Waves in the deep sea – a new mooring of temperature sensors

10 September 2020 – Like in all oceans, deep in the Mediterranean Sea turbulent waves occur which influence under water life because they transport water of different temperatures and important nutrition. Understanding the occurrence and behaviour of the ‘underwater waves’ is the objective of Hans van Haren and his team of the Royal Netherlands Institute for Sea Research NIOZ – member of the KM3NeT Collaboration (see article in Europhysics News 51/2 ).

The team has developed a large mooring construction comprising an array of temperature sensors that during two years will precisely measure the temperature of the deep sea water near the KM3NeT site off-shore Toulon, France. The measured temperature profiles will reveal the existence and behaviour of underwater turbulence and internal waves at the site. From a distance the image of the mooring resembles  that of the KM3NeT array of optical sensors (see picture below).

The mooring consists of a 70 m diameter large steel ring, holding a network with 3000 high-precision temperature sensors distributed over 45 vertical lines, 125 m high and 9.5 m apart. On land this already looks quite impressive (see drone video below) but in sea the whole construction will fill a half cubic hectometre seawater volume. The installation of the mooring has some resemblance with the installation of the sensor array of KM3NeT. This is not surprising since the NIOZ  is the institute where the KM3NeT compact deployment method was invented first. The lines with temperature sensors are compacted in small packets that are anchored on the seabed. Then they unfurl one by one to their full lengths. The major difference with the KM3NeT deployment technique is that the mooring structure of 45 lines is deployed as a whole, while for KM3NeT each line is deployed separately.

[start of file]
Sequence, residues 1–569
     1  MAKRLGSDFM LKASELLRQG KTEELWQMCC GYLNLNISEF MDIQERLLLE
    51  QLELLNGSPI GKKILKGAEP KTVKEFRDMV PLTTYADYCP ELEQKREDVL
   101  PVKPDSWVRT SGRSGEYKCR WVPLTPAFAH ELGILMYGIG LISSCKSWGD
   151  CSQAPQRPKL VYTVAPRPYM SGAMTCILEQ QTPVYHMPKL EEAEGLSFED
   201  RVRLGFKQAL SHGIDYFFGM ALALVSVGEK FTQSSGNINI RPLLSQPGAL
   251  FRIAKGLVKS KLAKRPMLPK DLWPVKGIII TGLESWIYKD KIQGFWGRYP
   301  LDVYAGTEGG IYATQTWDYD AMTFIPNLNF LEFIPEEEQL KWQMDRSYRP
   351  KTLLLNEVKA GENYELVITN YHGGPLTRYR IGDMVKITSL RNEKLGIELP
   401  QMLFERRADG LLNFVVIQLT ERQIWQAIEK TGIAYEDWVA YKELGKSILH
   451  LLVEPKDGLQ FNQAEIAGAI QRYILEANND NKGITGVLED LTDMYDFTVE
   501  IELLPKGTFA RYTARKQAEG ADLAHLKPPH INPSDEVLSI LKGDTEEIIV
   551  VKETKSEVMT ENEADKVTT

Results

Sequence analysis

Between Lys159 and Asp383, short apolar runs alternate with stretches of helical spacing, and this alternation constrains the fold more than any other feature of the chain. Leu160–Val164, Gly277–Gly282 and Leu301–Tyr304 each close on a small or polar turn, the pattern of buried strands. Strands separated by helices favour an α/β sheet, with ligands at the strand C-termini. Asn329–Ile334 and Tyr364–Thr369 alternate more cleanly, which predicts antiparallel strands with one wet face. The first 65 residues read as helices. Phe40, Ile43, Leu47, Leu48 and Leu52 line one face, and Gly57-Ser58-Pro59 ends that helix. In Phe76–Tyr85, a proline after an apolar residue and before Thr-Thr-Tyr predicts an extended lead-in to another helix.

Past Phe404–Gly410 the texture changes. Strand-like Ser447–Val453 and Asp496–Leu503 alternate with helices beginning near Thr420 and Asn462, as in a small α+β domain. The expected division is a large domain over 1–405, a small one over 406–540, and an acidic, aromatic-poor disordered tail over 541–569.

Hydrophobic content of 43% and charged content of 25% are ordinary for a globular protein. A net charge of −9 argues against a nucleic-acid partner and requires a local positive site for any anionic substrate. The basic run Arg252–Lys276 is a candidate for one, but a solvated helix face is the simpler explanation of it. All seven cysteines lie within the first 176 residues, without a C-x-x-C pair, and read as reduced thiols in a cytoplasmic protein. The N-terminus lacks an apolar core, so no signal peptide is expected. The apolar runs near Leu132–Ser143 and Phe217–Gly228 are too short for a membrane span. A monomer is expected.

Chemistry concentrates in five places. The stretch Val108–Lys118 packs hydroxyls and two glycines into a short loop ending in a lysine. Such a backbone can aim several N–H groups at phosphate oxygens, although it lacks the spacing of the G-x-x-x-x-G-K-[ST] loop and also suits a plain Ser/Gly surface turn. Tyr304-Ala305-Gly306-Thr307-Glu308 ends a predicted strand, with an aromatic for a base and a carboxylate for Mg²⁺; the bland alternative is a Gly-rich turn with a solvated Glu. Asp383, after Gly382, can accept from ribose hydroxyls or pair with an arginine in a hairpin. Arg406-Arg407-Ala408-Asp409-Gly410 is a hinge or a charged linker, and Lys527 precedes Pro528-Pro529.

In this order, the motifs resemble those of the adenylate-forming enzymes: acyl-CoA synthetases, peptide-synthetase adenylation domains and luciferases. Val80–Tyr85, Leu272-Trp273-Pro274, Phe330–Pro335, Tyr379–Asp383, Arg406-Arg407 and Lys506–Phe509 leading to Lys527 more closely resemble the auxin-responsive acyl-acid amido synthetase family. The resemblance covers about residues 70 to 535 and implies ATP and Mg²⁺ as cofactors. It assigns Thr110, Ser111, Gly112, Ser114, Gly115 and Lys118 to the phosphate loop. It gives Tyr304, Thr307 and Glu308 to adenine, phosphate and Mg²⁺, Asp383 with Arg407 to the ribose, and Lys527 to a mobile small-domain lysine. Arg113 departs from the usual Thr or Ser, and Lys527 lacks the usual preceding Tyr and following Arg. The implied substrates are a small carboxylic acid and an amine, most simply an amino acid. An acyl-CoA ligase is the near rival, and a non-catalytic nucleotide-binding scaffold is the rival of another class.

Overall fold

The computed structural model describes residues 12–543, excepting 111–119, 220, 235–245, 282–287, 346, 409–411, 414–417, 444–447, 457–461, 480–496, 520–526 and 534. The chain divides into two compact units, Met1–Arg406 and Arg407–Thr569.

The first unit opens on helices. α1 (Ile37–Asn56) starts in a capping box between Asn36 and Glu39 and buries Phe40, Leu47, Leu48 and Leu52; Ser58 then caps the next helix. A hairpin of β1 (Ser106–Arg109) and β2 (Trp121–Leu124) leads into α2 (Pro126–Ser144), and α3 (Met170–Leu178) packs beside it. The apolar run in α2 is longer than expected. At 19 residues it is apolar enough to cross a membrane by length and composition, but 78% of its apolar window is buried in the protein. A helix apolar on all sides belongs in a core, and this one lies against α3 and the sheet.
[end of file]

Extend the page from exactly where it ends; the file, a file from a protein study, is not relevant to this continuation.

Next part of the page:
The deployment of the temperature mooring is planned for the second week of October after assembly in the harbor of Toulon. Stay tuned!

See also : a drone video by Hung-An Tian, NIOZ PhD student at

Pictures (courtesy NIOZ): After assembly, the mooring is towed to the deployment site and deployed using a custom-made ‘parachute’. Once in position, the lines will automatically unroll to to their full length after five days.